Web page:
The above underlines the difficulties inherent to the establishment of Vermeer’s catalog. Not a single work can be traced back to the painter’s studio, nor are there any letters or contracts extant. The task of attribution rests squarely upon the shoulders of the individual critic, which explains the multiplicity of divergent opinions. In this painting, a young woman stands in the center of the composition, facing in profile an open window to the left. In the foreground is a table covered with the same Oriental rug encountered in the Woman Asleep. On it is the identical Delft plate with fruit. The window reflects the girl’s features, while to the right the large green curtain forms a deceptive frame. She is precisely silhouetted against a bare wall that reflects the light and envelops her in its luminosity.

We are here confronted with one of the salient aspects of Vermeer’s sensibility and originality. It is the stillness that stands out, the inner absorption, the remoteness from the outer world. She concentrates entirely upon the letter, holding it firmly and tautly, while she absorbs its content with utmost attention.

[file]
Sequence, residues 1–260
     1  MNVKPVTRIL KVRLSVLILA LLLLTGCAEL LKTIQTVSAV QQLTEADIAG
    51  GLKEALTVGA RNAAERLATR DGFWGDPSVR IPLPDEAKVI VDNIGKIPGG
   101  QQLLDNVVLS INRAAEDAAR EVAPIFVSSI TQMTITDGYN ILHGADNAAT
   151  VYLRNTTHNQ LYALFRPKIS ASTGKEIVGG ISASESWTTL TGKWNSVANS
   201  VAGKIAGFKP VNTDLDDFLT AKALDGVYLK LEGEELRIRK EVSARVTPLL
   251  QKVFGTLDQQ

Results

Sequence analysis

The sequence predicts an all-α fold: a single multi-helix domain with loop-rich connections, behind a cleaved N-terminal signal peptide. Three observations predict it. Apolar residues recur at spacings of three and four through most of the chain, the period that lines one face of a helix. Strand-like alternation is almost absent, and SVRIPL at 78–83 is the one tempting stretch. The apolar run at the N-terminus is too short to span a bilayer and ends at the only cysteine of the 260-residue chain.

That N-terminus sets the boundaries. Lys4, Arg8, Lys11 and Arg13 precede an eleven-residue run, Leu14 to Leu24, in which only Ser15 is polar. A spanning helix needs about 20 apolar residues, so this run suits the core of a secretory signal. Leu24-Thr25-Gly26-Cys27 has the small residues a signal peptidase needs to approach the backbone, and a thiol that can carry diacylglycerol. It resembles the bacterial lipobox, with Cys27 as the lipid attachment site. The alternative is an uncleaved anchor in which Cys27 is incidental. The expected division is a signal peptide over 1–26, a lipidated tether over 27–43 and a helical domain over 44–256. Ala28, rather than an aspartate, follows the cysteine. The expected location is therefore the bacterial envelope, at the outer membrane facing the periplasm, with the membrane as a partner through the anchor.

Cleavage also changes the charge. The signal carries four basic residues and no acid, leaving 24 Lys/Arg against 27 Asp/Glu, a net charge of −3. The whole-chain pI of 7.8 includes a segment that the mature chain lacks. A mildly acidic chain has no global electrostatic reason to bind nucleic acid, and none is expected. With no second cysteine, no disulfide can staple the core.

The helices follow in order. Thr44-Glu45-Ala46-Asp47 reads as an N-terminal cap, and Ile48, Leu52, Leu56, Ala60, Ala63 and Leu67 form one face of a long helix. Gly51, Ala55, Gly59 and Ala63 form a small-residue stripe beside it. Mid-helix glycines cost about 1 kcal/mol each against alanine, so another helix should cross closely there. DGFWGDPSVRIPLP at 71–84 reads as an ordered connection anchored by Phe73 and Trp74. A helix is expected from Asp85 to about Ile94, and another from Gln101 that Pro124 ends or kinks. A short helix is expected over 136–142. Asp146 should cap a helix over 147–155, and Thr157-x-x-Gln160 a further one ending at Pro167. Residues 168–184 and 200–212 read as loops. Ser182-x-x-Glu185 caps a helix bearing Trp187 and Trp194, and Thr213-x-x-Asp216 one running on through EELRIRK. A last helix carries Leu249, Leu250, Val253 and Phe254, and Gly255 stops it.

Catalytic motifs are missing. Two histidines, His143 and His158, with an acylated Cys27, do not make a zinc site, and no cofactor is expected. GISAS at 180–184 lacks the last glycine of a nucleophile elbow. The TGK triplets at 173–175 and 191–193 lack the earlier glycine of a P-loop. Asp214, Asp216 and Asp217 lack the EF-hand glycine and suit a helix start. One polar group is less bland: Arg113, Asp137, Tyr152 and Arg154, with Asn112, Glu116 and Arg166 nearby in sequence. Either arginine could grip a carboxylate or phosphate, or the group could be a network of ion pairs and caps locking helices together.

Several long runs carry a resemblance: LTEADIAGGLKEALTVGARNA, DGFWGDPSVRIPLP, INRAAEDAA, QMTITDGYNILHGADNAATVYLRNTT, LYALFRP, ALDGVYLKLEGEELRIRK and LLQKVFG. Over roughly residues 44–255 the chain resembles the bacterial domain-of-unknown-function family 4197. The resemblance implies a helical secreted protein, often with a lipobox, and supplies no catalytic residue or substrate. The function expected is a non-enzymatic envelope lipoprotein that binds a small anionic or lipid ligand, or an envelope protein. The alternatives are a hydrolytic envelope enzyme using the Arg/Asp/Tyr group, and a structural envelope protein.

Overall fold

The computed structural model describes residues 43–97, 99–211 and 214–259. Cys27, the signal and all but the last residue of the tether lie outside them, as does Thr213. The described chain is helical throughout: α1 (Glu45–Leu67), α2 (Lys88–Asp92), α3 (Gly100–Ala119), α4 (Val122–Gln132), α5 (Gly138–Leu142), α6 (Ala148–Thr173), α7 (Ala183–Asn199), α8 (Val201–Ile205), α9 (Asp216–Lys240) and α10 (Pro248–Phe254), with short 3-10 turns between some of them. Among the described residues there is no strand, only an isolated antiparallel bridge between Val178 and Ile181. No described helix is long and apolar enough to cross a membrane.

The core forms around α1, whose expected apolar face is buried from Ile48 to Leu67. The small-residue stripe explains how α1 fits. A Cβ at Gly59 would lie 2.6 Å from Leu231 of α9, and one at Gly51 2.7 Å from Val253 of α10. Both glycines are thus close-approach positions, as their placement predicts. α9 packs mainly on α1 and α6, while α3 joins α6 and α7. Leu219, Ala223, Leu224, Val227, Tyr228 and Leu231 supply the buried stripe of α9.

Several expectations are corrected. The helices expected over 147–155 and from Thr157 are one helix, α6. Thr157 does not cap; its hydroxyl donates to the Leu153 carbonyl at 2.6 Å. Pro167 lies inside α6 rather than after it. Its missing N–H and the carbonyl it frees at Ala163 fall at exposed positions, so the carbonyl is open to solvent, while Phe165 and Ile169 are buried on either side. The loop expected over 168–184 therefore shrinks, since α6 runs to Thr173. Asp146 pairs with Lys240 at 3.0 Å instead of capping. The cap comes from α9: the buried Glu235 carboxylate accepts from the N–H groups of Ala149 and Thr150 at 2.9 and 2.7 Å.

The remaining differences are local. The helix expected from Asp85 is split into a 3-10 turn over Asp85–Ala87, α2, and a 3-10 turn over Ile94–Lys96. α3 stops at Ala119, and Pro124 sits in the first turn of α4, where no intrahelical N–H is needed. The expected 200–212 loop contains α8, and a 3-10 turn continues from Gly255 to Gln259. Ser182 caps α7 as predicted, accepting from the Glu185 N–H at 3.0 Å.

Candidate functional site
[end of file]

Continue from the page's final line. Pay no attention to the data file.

In the technique, the artist avows again Rembrandtesque derivation. He paints in small fatty dabs to model the forms, and obtains the desired effects by means of impasto highlights opposed to the deeper tonalities – just as the master from Leyden was wont to do. The painting is relatively large, and the smallness of the figure as opposed to its surroundings stresses immateriality and depersonalization. Vermeer considerably changed the composition in the course of execution.

Much has been written about the trompe-l’oeil effect of the curtain. It is a pictorial artifice used by many other Dutch masters and in keeping with an old European tradition. Rembrandt, Gerard Dou, Nicolaes Maes, and many still-life and even landscape painters made use of such curtains as a means of simulating effects that now seem theatrical. The light background can be found in many paintings by Carel Fabritius, the Goldfinch from 1654 at the Mauritshuis in The Hague being the most famous example.[1]

The artist Tom Hunter borrowed the composition for his award-winning photograph of a squatter, Woman Reading a Possession Order.

Girl Reading a Letter by an Open Window, In Wikipedia.  http://en.wikipedia.org/wiki/Girl_reading_a_Letter_at_an_Open_Window

Posted in english for especial purposes, Uncategorized by erikatxu on mayo 11, 2010